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Not Brentford

Magpie and Stump, Brentford

Vic Rosewarne has researched the histories of several local pubs and beerhouses including the Magpie and Stump at 124 High Street.

The origins of the Magpie and Stump

The following is a conjecture only, as it only based on the licensing records at the Metropolitan Archives, other sources may be able to confirm or deny this.

A public house named the Magpie and Plough was licensed in New Brentford from 1737 to 1768, and from 1770 it appears to be just called the Magpie. The name the Magpie and Stump first appears in the Licensed Victuallers returns for New Brentford in 1790, with licensee William Jones. However, William Jones had been the landlord of the Magpie, New Brentford from 1784 to 1787, so it can be assumed the name was changed at this time. Another factor is that new licences were rarely granted at this time. There was actually a decline in the number of houses in New Brentford from 17 in 1760 to 13 in 1800, and 10 by 1828.

Licensed Victuallers Returns, London Metropolitan Archives

The Magpie and Plough
1737 Thomas Currier
1743 Nicholas Langwill
1760 - 1763 Charles Ricketts
1764 Elizabeth Ricketts
1766 - 1767 William Cole
1768 Gilbert Smith

[There is no extant list for 1769]

The Magpie
1770 - 1774 Robert Smith
1775 - 1783 Henry Marsh
1784 - 1789 William Jones

The Magpie and Stump
1790 - 1800 William Jones
1801 - 1813 Thomas Chapman
1803 Thomas Parker
1815 Robert Powell
1816 John Sims
1817 - 1828 Thomas Pearson

Up until 1828 yearly returns of Licensed Victuallers were made by the Annual Licensing Sessions at Brentford to the Middlesex Magistrates at Clerkenwell. The Licensing Act of 1828 omitted this requirement, and as a result only three returns were made in 1861, 1882 and 1900.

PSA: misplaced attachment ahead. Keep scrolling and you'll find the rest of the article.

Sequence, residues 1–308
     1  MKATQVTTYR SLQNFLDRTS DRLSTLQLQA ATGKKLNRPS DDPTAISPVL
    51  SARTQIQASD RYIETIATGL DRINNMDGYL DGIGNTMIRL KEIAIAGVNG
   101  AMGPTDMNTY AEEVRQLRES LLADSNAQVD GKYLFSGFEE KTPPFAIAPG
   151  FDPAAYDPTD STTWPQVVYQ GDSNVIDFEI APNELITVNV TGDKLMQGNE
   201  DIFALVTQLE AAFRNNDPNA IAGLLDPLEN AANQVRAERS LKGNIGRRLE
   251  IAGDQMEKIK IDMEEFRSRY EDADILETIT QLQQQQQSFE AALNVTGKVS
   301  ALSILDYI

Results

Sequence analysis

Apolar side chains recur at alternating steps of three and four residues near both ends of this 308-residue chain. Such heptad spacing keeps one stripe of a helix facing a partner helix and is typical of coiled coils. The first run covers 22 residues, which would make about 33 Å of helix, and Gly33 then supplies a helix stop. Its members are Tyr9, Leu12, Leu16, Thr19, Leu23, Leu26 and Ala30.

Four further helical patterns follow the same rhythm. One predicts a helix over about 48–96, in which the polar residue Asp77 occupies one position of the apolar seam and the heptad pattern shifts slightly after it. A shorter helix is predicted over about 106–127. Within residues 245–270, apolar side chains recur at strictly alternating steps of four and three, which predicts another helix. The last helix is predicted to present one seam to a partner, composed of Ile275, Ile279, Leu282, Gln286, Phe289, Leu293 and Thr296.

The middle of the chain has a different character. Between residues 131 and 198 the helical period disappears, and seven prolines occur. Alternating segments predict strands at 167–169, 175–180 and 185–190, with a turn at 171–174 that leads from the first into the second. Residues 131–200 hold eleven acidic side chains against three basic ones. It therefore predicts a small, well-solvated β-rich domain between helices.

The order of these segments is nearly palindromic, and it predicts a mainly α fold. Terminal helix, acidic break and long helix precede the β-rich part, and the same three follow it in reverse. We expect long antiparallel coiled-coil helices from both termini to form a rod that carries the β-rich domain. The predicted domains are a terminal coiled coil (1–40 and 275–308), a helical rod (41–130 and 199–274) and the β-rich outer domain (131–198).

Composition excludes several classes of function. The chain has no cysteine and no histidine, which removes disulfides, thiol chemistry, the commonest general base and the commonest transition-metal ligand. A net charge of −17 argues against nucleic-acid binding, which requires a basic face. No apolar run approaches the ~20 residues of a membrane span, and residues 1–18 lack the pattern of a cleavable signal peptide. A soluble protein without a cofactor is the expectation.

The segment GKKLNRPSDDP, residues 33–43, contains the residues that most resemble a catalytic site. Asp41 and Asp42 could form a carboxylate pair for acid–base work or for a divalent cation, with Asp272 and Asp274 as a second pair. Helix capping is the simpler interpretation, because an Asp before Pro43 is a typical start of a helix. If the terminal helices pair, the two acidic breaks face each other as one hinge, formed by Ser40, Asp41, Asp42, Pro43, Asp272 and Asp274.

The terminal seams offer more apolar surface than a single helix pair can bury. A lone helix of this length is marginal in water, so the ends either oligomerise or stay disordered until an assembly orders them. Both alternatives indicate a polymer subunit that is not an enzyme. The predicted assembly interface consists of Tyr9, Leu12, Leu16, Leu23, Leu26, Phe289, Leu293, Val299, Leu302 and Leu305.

The other main source for the licensees were the Census returns and Trade Directories. Details extracted for The Magpie and Stump follow in chronological order.

1826 Thomas Pearson Pigot’s Directory

Palmer - by 1839 to c 1853/4/5

1839 Thomas Palmer Pigot’s Middlesex Directory

1851 Census (HO 107 1699, fo. 38, p. 25, Sch. 103)

William R. Palmer Head Mar. 27 Publican Middlesex, Hanworth
Ann Palmer Wife Mar. 25 Middlesex, Brentford
William Palmer Son 1 Middlesex, Brentford
Ann Palmer Dau. 5mo. Middlesex, Brentford
Frances Wiggins Servant Unm. 16 House Servant Hants., Alton
James Cole Servant Unm. 55 General Servant Middlesex, Brentford

1852 Wm. Rolfe Palmer Kelly’s 1852 Middlesex Directory
1853 William Rolfe Palmer Mason’s 1853 Directory

Franklin c 1853/4/5 - March 1860

1855 William Franklin Kelly’s 1855 Middlesex Directory

Morning Advertiser 8 March 1860 & Windsor & Eton Express 10 March 1860:

The Magpie and Stump, New Brentford, from Martha (or Maria) Franklin to Mr. Alfred Dean.

Frederick Dean March 1860 - Aug 1862

1861 Frederick Dean Licensed Victuallers Returns

James Grover Aug 1862 to 1873/4

Buckinghamshire Advertiser 25 March 1865:
BRENTFORD PETTY SESSIONS 18 March 1865

This being the Adjourned Licensing Day, those applications which stood over from the previous Tuesday week from various causes were next taken.

Magpie and Stump, New Brentford

William Atkins, the Magpie and Stump, New Brentford. In this case there was one complaint during the year; but as the fine inflicted was 40s., the Bench made themselves acquainted with the facts, under which it occurred, and finding it was not a very serious offence, admonished the applicant, and renewed the license.